The decision of Austin Australia Pty Ltd v De Martin Gasparini Pty Ltd  NSWSC 1238 considered the definition of, and tests for determining, “solvency” under the Corporations Act 2001 (Cth).
The case was part of a preference proceeding, that dealt with the winding up of a corporation, Austin Australia Pty Ltd (Austin). It was necessary for the court to answer as a separate question whether Austin was “insolvent” under the statutory meaning during the period 30 June 2003 and 31 December 2003.
In deciding the question of solvency, the court had regard to the following evidence:
- Available cash flow as evidenced by bank statements and the amount owing by the prior month’s debtors. Deductions were made for unpresented cheques, retentions and provisions.
- Cash flow showed Austin did not have enough cash on a month-by-month basis to cover its accounts due and payable from March 2003 to November 2003. A deficit ran from $3 million in June 2003 to $7.3 million in November 2003.
- In November 2003, there were between 600 and 700 unpresented cheques, totalling $7,891,004.08. $1,181,981.28 of this figure had been released to payees, but were unpaid at month’s end. $6,709,022.80 were cheques drawn but not released to payees. It was inferred that these cheques were deliberately held back.
- Austin’s debtors that had been outstanding for over 120 days increased from 4% to 22% from April 2003 to November 2003. It was considered unlikely that these debts would be recovered in full.
- “Cash burn” exceeded available cash for each of January, March, April, May, September, October and December 2003.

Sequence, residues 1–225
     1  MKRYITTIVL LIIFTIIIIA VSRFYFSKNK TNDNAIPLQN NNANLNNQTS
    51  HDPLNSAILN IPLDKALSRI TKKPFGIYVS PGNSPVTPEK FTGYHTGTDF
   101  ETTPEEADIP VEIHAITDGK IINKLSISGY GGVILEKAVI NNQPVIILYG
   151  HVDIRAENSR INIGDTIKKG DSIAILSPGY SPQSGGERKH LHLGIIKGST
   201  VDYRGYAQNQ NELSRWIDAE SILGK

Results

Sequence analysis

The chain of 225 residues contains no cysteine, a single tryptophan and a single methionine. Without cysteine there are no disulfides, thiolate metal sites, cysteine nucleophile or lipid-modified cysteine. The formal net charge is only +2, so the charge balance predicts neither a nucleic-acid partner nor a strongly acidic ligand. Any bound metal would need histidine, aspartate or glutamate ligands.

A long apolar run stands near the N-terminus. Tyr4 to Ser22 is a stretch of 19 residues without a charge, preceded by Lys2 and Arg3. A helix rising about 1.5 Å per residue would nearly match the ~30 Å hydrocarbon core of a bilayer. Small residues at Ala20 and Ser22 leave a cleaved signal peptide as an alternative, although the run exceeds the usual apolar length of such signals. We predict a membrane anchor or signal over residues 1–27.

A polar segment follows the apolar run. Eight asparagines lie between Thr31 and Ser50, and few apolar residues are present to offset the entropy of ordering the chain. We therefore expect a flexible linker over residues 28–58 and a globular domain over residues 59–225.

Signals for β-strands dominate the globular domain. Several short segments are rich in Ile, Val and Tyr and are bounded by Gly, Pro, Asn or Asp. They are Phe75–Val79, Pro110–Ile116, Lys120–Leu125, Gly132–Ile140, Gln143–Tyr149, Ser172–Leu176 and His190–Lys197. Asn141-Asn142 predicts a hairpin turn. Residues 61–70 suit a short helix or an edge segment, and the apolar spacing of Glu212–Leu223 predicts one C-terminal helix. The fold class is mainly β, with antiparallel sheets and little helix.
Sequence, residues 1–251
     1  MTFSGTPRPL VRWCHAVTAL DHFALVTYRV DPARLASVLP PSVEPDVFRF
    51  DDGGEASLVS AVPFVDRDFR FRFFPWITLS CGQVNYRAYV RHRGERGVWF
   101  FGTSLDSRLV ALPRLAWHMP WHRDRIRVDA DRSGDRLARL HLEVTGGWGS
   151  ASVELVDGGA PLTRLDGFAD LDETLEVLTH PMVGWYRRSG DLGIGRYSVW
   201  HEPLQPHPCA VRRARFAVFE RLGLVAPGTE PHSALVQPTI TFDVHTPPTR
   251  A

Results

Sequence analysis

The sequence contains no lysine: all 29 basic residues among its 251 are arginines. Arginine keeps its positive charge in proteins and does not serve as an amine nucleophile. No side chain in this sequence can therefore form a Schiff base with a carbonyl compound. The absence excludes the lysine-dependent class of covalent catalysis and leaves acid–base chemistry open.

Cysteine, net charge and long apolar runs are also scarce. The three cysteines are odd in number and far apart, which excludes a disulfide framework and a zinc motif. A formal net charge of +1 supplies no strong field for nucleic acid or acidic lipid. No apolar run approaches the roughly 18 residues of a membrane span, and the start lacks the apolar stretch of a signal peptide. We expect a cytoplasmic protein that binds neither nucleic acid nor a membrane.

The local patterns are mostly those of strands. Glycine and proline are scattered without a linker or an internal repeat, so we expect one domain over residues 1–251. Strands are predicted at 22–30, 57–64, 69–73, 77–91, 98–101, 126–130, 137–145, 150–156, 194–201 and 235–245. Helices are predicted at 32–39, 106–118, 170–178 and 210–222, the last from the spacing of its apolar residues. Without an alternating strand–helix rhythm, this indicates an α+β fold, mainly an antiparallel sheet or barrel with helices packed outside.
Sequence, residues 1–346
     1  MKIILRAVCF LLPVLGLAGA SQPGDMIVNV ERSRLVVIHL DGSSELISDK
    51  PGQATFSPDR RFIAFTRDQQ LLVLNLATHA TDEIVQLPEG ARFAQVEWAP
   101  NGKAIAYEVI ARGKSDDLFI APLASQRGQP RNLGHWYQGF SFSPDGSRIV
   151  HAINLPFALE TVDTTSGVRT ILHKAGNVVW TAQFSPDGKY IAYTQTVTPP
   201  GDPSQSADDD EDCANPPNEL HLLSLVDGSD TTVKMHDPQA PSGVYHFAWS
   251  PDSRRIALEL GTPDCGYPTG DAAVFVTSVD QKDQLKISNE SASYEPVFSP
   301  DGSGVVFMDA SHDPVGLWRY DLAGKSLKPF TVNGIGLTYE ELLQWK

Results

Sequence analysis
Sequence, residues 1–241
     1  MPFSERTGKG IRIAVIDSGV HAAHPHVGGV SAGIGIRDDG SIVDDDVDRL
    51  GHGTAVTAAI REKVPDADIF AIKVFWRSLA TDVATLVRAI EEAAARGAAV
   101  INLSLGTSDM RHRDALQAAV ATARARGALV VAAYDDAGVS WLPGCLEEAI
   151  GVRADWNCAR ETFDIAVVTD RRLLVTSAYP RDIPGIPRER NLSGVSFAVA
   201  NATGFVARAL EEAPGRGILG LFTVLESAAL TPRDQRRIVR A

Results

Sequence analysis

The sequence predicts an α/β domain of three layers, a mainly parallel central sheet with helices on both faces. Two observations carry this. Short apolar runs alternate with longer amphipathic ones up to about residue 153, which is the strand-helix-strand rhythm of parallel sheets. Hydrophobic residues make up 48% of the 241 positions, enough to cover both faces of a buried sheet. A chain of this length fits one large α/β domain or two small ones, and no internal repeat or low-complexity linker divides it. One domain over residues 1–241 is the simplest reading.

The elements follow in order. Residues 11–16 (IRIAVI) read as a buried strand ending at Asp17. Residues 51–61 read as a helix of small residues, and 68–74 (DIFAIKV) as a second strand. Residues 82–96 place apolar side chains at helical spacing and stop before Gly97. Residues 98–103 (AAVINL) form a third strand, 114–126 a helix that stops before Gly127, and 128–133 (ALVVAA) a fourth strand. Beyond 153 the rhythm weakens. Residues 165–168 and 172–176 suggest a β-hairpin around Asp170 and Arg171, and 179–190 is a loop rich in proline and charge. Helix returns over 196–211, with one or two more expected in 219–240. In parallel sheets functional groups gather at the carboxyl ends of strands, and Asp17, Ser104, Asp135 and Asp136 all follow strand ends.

- There was a total accumulated loss of $1,413,020 from November 2002 to November 2003, without write offs for bad debts, doubtful debts or other adjustments.
- Austin also had proceedings against debtors in the New South Wales Court of Appeal, the Magistrates’ Court of Queensland, the District Court at Penrith, the Local Court at Orange, the Local Court at Parramatta, the District Court at Sydney and the Melbourne Magistrates’ Court.
The Decision of Barrett J
In determining the question of insolvency, Barrett J considered three matters:
- Section 95A of the Corporations Act 2001 (Cth), which defines solvency as the ability of a person to pay debts when they become payable, and insolvency as a person who is not solvent.
- The “cash flow test” espoused in Crema Pty Ltd v Land Mark Property Developments Pty Ltd (2006) 58 ACSR 631, which recognised that insolvency was more than a temporary shortage of liquidity, but rather an endemic shortage of working capital.
- Indicative features, including:
- There was no real evidence of dishonoured cheques, whilst a large number of cheques had been held back;
- Suppliers insisting on COD terms, of which there was some evidence;
- Issuing of post-dated or “rounded sum” cheques, Barrett J finding that rounded sum cheques had been used;
- Special arrangements with creditors;
- An inability to produce timely, audited accounts;
- Unpaid group tax, payroll tax, workers compensation premiums or superannuation contributions;
- Demands from bankers to reduce overdraft and deteriorating relations with bankers;
- Receipt of letters of demand; and
- Statutory demands and court processes for debt, a large number of which had been commenced.
Barrett J found Austin’s position was not merely a temporary situation. Profitability did not exist and the company could not meet its debts. Further, there were no external sources of funds for it to draw on. This resulted in the finding that there was an endemic shortage of working capital and inability to pay debts, and that the company was insolvent from 30 June 2003 to 31 December 2003.